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Matteo Salvini. Screenshot from RAI

Salvini’s Gregoretti defense: ‘Berlin warned us of the risks to our security’

Next Wednesday, the vote on the issue of parliamentary immunity will take in the Italian Senate. The defending argument of the League leader Matteo Salvini was leaked to the press: "Disembarkation was slowed by negotiations on redistribution."

Published: February 9, 2020, 8:43 am

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    Rome

    The landing of the Gregoretti ship was not only slowed down by the attempt to find an agreement on the redistribution of the 131 migrants who were on board and who, in those frantic hours, were creating a headache for the governments of several countries of the European Union, but also by the alarm launched by Berlin. The Germans had alerted Italy to the presence of three “subjects capable of endangering national security”.

    These are the main reasons that prompted the former Interior Minister to suspend the landing of the rescue vessel for four days. Salvini’s defense dismantles all the theorems artfully put forward by the left to try to “get him out of the way” by judicial means.

    In an interview, released in the New York Times on the same day as the American president’s acquittal, Salvini compared the Gregoretti case to the impeachment for Donald Trump. The similarity, he said, was “a left that seeks to win by legal means what it cannot win by democratic means”.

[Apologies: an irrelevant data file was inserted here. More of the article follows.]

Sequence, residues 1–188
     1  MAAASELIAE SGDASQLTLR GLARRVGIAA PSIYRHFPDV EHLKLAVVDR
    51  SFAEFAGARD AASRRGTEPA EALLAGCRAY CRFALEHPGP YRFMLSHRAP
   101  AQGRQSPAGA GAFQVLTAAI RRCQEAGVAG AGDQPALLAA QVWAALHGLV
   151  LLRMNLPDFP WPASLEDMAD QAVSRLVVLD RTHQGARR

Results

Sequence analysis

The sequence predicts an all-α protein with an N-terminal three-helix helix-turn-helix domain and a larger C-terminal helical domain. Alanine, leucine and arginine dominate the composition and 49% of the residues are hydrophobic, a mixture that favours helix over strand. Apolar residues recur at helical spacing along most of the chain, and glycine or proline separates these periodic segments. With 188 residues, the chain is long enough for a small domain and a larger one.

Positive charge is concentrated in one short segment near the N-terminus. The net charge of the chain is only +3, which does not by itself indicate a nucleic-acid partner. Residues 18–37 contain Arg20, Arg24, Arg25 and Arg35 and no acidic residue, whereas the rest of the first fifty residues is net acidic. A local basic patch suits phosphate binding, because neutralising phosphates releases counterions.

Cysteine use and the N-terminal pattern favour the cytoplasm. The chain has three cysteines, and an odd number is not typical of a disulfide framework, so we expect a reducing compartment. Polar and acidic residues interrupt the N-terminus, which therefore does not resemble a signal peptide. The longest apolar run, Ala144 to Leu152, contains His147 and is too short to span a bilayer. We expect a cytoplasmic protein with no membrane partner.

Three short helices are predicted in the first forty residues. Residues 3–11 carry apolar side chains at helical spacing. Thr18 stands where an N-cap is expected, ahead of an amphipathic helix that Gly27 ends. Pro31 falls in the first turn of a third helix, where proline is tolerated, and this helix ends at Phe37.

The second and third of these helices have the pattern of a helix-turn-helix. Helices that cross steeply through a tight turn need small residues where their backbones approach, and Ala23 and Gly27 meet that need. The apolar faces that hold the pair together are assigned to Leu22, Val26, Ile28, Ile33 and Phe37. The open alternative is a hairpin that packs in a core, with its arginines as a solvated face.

The next battle in the affair regarding the military ship, which ignited the political debate in Italy last summer, will be fought next Wednesday at Palazzo Madama. The League leader, is “determined” to go all the way.

    According to an indiscretion published by the La Presse agency, the League has been divided on the issue however. “Some senators and legal advisers are more cautious considering that from a judicial point of view, confirming in the courtroom the ‘yes’ to the authorization to proceed, advanced by the Court of Ministers of Catania, could be counterproductive given the absurdity of the accusation.”

    For this reason, the same sources say, a few days after the vote in via Bellerio a reflection was launched to prevent the green light from becoming “a boomerang against Salvini”. Among the options on the table are that of leaving the parliamentarians of the Carroccio freedom of conscience of not participating in the vote in the Senate.

    League member Erika Stefani will put forward the reasons of the Carroccio in favor of the authorization to proceed. Then the spotlight will shift to Salvini who, as was already done when he tackled the case of the Diciotti ship, will note that “the whole Italian government was aware and therefore agreed” that the Navy ship was “a safe place” to temporarily hold the irregular migrants.

    Therefore it is “far-fetched to imagine” that migrants had been “kidnapped”. The foreigners who were on board were, in fact, all “safe and secure”. The landing, the League leader will later explain, was slowed down by the “negotiations for redistribution” in Europe and the “due verification” of the subjects.

    The German government had, in fact, informed the executive led by Giuseppe Conte that there were at least three people “capable of endangering national security” on board the ship.

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